Sunday, December 12, 2010
Mixed Blood, Roger Smith
I am starting this blog where my interest in African crime fiction started, with Roger Smith's first novel, Mixed Blood. I was reminded of how I approached Mixed Blood when I read Mike Nicol's post in Crime Beat, Crime Beat: That alien genre fiction, where he discusses the opinion of a book reviewer that crime fiction, to have literary value, needs to probe the society that produced it to be taken seriously. The reason I mention Mike's article is that I opened Mixed Blood expecting to learn something about South Africa. Before it arrived in the post, I had gone through the text, video, and slides on Roger's website, read his twitters, corresponded with him, explored Cape Town on Google Earth, and read about Cape Flats on Wikipedia and other websites. I doubt if I will ever again do as much preparation before reading a book. I knew I was getting an action thriller but I also knew something of the truth of the setting.
Jack Burn has a gambling problem. Back in the U.S., a large debt put him in the middle of a robbery that left a cop dead. Jack escapes with a large part of the loot and takes his pregnant wife and young son to Cape Town, South Africa. With a new identity and lots of money, Jack feels safe until a random home invasion by a couple of drug dealing gang-bangers puts him in the sights of Rudi "Gatsby" Barnard, physically and morally repugnant, and corrupt cop. Rudi senses that there is more to Jack than just another American expat and sees him as a means of solving his need for money, lots of it. Also drawn into the picture are vengeance seeking ex-con named Benny Mongrel and the Zulu Special Investigator Disaster Zondi who wants to settle an old score and at the same time take down a bad cop.
Consider Rudi "Gatsby" Barnard. His nickname comes from the signature South African sandwich, the gatsby, that he favors (see the photo). With his horrible body odor, sumo-sized gut, air bag-sized butt cheeks, yellow teeth like bone fragments in an open wound, and a love of "Jesus Christ, gatsbys, and killing people" you might dismiss him as a caricature of the bad cop. But Rudi is a holdover from South Africa under apartheid who somehow survived the transition. About Disaster Zondi, "He knew men like Zondi. Hell, he'd spent a whole chunk of his life hunting, torturing, and killing them." Do a Google search with the terms apartheid and apartheid hit squads and you will see that Rudi is a composite of real people and events.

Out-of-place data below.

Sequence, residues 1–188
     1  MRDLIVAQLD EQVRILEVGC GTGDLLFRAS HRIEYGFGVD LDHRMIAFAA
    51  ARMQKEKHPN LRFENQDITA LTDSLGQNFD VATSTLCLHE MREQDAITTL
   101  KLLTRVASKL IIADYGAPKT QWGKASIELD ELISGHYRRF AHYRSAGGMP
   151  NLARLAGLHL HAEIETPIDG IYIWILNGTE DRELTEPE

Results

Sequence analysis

Moving through the story, almost like an observer, is BennyNiemand, aka Benny Mongrel. A Cape flats career criminal recently out of Pollmoor Prison after a 16 year stretch, Bennie has stolen, raped, and killed most of his life. Yet there is still a sort of dignity about him. Pulled from a heap of garbage shortly aft his birth, the only creature he has ever felt affection for a mongrel dog named Bessie, Benny seems the most tragic character in the story.
Cape Town itself is a character. Gatsby has made the aeolian sand flat known as Cape Flats his personal fiefdom. It blasted by winds in the summer and many areas flood in the winter. Here are the government-built townships, apartheid's dumping ground, where non-whites were forced to move. They are a place of terrible poverty, drug abuse, and gang violence. In contrast, Jack Burn and his family live on the wealthy Atlantic side. Take a look at the videos on Roger's website and the slide show of images of Cape Town and Cape Flats that will give you a good picture of the settings in the book.
Together, Rudi Barnard, Benny Mongrel, and Cap Flats and it inhabitants show you that the face of horror doesn't need the supernatural. True horror can be of our own making.
I enjoyed Mixed Blood as a straight-up thriller and also for the intense sense of place that Roger was able to weave into the story. Recommended highly for thriller readers who don't mind stomach churning violence.
Next up, Tooth and Nailed by Sarah Lotz